Founder Bio

Bittin Foster Duggan, MA, originator and facilitator of the Growing Through It (GTI) art workshops, is a nationally exhibited artist who currently lives and works in Coos Bay, Oregon with her growing family. Bittin has traveled the world sharing her soul and artwork. Others were so moved by some of her art pieces that Bittin became inspired and began facilitating GTI art workshops to support individual healing and personal growth.

Bittin worked as the Adult Programs Director at VSA arts of Washington from 1999 to 2001. She brought a highly integrative approach to her management of the five Adult Programs supported by the organization. In 2002 she initiated and managed the Seattle Center Artists Studio, a free and accessible public art studio. This studio is possibly the first of its kind in the country.

Bittin earned a Master’s Degree in Whole Systems Design at Antioch Univeristy Seattle, completing her degree work in 1999. In this program she took the GTI philosophy and practice to more integrative levels, working with a wider array of people. Bittin has been active in a
variety of community-based organizations, always expanding her experience of art and living.

After growing up in the Toledo, Ohio area, Bittin entered the University of Colorado at Boulder in 1986. In 1989, she studied art in Florence, Italy and traveled through Europe and Egypt. While in Egypt, on a trip to the Sinai Desert, she was injured in an auto accident. “I was in a coma for five days,” says Bittin. “When I came out I didn’t know who I was. I didn’t know what was the matter with me, but I knew that something inside of me was different.”

When Bittin returned to the University of Colorado five months after the accident, she struggled to regain her memory, cognition and artistic skills. Her art was not only inspired by, but critical to her regaining a whole sense of self. “My art was different after the accident,” recalls Bittin. “I barely had any patience…I did not want to be limited by the flatness of two-dimensional surfaces, so I began creating larger three-dimensional oil paintings.” For her graduation show in December 1991, she created an eleven by eleven foot three-dimensional ten-panel collage entitled Bittin’s Peace: Seven Inner Women. “I created this piece as an artistic expression of my recovery” says Bittin. “It came from a very deep place within me, deeper than I knew existed.”

While organizing a one-woman show in February, 1993, Bittin attended a meeting of the Boulder chapter of the Colorado Head Injury Foundation, and was inspired to develop an entire show on the basis of her recovery process through her art. Tree to Tree: Recovery Transformation opened at the Boulder Artists’ Gallery February 12. “It was an incredible turn-out, I received positive encouragement and support. Many people were inspired to reconsider the way they see their own lives.” says Bittin.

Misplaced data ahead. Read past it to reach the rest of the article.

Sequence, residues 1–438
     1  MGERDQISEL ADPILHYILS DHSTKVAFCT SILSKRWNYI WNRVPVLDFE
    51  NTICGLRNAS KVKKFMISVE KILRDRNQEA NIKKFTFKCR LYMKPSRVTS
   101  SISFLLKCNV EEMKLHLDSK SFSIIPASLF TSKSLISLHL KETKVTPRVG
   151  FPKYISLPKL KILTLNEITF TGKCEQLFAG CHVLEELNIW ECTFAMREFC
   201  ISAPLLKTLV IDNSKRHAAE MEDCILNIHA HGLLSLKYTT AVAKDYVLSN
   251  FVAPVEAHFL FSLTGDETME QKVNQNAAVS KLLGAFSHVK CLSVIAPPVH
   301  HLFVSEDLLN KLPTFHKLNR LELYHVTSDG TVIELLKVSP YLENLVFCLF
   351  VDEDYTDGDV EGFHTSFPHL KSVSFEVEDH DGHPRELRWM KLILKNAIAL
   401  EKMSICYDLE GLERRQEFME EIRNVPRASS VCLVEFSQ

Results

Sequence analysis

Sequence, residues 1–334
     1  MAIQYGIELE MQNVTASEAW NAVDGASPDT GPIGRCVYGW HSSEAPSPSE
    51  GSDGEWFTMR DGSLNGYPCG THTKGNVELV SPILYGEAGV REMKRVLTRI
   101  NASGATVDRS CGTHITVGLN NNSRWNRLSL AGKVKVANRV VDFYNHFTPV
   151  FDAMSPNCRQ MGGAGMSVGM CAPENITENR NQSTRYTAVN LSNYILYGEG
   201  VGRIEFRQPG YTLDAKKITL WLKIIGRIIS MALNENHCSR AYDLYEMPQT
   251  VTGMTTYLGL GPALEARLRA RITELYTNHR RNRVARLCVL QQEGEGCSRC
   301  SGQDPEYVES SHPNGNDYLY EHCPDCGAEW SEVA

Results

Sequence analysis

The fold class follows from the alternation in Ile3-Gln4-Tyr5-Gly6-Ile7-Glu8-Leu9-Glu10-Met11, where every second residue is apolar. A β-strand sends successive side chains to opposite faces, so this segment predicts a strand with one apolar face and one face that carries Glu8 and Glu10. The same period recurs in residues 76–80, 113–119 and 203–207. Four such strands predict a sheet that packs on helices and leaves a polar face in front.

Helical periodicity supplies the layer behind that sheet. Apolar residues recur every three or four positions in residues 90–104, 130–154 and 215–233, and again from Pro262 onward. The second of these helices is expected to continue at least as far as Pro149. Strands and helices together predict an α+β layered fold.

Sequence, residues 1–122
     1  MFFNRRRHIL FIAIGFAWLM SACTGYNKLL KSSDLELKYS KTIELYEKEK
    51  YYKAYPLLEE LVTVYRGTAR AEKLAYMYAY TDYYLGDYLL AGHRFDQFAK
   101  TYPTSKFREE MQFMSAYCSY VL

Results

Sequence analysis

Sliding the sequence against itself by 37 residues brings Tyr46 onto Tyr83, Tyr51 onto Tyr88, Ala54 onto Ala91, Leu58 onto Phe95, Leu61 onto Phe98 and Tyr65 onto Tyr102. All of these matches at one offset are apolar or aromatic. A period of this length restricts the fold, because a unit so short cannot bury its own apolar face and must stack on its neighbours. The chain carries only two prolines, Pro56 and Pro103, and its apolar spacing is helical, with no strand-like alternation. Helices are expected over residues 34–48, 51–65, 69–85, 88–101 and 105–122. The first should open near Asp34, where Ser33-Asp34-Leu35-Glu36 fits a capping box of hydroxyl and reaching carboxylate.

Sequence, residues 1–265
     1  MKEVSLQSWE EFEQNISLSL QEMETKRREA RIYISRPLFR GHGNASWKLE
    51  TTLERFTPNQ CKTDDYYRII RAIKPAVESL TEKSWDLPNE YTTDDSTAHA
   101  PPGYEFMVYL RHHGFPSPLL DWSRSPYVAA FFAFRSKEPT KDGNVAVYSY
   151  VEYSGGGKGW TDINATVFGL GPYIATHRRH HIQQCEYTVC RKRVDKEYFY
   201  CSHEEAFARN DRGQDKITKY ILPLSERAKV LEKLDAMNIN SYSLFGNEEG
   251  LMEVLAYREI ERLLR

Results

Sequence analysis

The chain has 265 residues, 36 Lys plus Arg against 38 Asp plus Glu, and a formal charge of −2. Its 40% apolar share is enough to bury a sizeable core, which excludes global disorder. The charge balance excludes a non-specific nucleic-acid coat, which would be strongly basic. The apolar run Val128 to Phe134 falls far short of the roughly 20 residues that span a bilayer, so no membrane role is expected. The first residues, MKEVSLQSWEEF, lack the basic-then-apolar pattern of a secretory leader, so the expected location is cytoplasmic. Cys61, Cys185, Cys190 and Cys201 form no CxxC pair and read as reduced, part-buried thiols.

She contacted the National Head Injury Foundation (NHIF) Survivors’ Council about producing a traveling show, and discovered that the NHIF was about to hold a meeting in Denver. “I brought some pieces to Denver to show the representatives from the affiliated State Foundations. Their responses were very encouraging, positive and supportive,” says Bittin. “Five representatives expressed an interest in helping me bring the show to their state conferences.” A three week show at the Foothills Art Center in Golden, CO, began the tour. All were touched by the entire show, especially Bittin’s Peace: 7 Inner Women.

Two weeks after coming home from a return visit to Egypt, four years after the date of her trauma. Bittin showed at Craig Hospital in Englewood, CO. Renelda Muse of Channel 4, Denver’s local NBC affiliate, interviewed Bittin for a 3 minute TV feature, City Beat. In mid-September, Bittin hung her show at the CHIF Unconference, a conference dedicated to the needs of brain injured people. “…an incredible powerful experience for me, I felt seen for who I am today…A feeling of strength and recognition that we the people unite together.”

The current Growing Through It Development project has received funds from The Negley Flinn Charitable Foundation, Three Swallows Foundation and generous private donations. Bittin hopes to obtain additional funding to continue offering the Growing Through It workshop process. “I wish for others to be inspired to strive for personal recovery and positive change,” she says.

Bittin’s ultimate goal is to have GTI acquired by a National Service Organization so that the innovative process can be taught to professionals and artists nationwide, making it available to thousands of people from a variety of backgrounds.

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